After contributing to two separate blog sites for a while, I have decided to consolidate. If you would like to continue reading my weekly/biweekly blog entries about positive psychology, please check out:
You may not always view your emotions as your friends. Noticing certain feeling states as sadness, fear, or anger in yourself or others might make you uncomfortable and tempt you to ignore these states or disown them altogether. Many people do, assuming that such emotional avoidance will help them cope or feel better overall.
A recent meta-analysis of 25 studies of emotional intelligence, however, shows otherwise (Sanchez-Alvarez, Extremera and Fernandez-Berrocal 2016). Emotional intelligence refers to how we use information from our emotions to help us navigate through the stress in our lives. Emotional skills include the ability to accurately perceive our mood states and regulate them, as well as to effectively express and exchange emotions interpersonally.
The researchers found a significant relationship in the cross-cultural studies between participants’ emotional intelligence and subjective well-being. Regardless of how emotional intelligence was measured, the results found that those who understood their emotions better tended to experience a greater sense of psychological wellness. The researchers conclude that emotional intelligence is a “key skill” in personal and social development.
So, while you may not want or welcome certain feelings, it can be quite helpful to at least respect them and allow the emotions to inform you about what’s going on inside and outside of yourself.
It goes without saying that helping others is good for the people receiving the help. But what about for
the individual helper?
A recent study by Nadav Klein at the Harris School of Public Policy at the University of Chicago (Klein 2017) investigated whether participants who volunteered and gave money to help others reported greater meaning in their lives.
Previous research has documented the many benefits associated with viewing one’s life as meaningful, including fewer mental and physical symptoms and greater longevity.
Klein found that, in a nationally representative sample of adult Americans, greater volunteering was associated with a stronger belief that one’s life has a purpose. In addition, the study found that spending money on others increased perceptions of meaning in life, compared to spending money on oneself.
But how exactly does spending money on others increase perceptions of meaning in life? - by increasing one’s self-worth? – by providing a sense of connection to others? – by affirming one’s moral values? – by fostering a sense of personal control?
In a follow-up study, Klein found that spending money to benefit other people increases perceptions of meaning in life through increasing perceptions of self-worth. In other words, there is a self-sustaining quality to helping others. Prosocial behavior builds personal worth and self-esteem, which then strengthens the sense that one’s life is meaningful.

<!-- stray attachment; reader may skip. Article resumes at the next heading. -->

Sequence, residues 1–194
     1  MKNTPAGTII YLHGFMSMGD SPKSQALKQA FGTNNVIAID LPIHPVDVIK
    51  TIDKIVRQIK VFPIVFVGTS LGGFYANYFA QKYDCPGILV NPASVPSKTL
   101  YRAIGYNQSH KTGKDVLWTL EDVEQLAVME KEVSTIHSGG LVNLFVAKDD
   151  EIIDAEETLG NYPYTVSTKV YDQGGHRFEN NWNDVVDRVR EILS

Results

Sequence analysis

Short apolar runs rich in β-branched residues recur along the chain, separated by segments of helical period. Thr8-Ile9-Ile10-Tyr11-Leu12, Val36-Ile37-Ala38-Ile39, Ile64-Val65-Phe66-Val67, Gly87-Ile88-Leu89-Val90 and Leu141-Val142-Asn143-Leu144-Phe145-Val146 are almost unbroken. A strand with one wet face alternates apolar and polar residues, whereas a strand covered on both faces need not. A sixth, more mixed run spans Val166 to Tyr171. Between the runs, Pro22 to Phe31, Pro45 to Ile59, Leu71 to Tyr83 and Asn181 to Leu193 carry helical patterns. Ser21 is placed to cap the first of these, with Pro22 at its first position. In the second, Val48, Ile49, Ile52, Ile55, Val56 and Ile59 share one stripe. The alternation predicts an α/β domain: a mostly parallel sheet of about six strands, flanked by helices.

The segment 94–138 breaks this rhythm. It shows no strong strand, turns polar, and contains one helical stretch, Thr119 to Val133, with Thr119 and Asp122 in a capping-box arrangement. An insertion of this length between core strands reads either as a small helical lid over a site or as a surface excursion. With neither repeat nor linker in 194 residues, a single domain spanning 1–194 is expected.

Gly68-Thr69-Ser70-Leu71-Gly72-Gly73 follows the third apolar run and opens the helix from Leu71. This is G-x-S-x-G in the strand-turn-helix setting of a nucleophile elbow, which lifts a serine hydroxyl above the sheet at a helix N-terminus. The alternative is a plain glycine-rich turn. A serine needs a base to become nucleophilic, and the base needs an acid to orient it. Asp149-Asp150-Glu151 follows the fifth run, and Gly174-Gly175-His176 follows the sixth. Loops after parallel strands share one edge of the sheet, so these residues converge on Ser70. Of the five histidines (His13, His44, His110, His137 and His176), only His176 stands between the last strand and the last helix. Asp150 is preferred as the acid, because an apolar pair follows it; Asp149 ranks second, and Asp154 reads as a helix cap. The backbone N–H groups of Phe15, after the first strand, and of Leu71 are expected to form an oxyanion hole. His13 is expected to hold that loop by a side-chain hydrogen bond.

The mental and physical benefits of gratitude (thankfulness for what one has) have been well-documented. Research has shown that being grateful can improve life satisfaction, sleep, optimism and outlook. It can also decrease physical complaints and trauma. Gratitude makes people more likely to help others.
A current study by Solom and colleagues at Eastern Washington University (2017) addresses the “Thieves of Thankfulness” – the factors that get in the way of practicing gratitude. Most of us simply forget to take the time to appreciate what’s going well in our lives. But these researchers dig a little deeper, examining the traits that inhibit the development of gratitude over time.
Here are their results:
1. Narcissism was found to be one of the strongest inhibitors of gratitude. This makes sense when you consider the key components of gratitude: recognizing the value of what’s been given to you and recognizing the goodness of the giver of the gifts. Narcissists tend to feel superior and entitled, and thus unlikely to appreciate the benefits that others provide them.
2. Cynicism also predicted decreases in gratitude over time. Cynicism causes people to be suspicious of others and their motives. It is difficult to receive and appreciate gifts or compliments from others when there is an assumption that they are inherently selfish.
3. Materialism and envy inhibit the emotion of gratitude. Focusing on one’s material possessions or the possessions of others tends to distract one from the life blessings that do exist.
What does this mean in practical terms?
If we want to enjoy the feeling/outlook of gratitude – the warmth, interconnectedness, and well-being that it offers, then we have to be on the lookout for what undermines it. Not only must we address the narcissism, cynicism, materialism and envy that arises within us (conditioned in part by our cultural environment, no doubt), but we must also cultivate practices that counter these tendencies. We can develop trust instead of cynicism and humility instead of narcissism. We can learn to better appreciate the simple pleasures in our lives that we are gifted with, but often ignore while waiting for “one’s due” or the “jackpot” one’s neighbor received.
Researchers at the University of Kent in Canterbury, UK recently conducted a study about an emotion called moral elevation (Van de Vyver & Abrams, 2017). This emotion is a positive, warm, expansive feeling that occurs when we witness a virtuous act. When we watch a person do something that improves the welfare of another, we tend to admire that person and feel affection towards them. The researchers wondered whether experiencing moral elevation would then make people more likely to act altruistically themselves.
The study found that moral elevation correlates with behavioral activation, that is, interest and motivation to approach events and participate (versus behavioral inhibition, which is characterized by avoidance and withdrawal). When study participants experienced feelings of moral elevation, they were more likely to report wanting to help others and to demonstrate willingness and readiness to take action.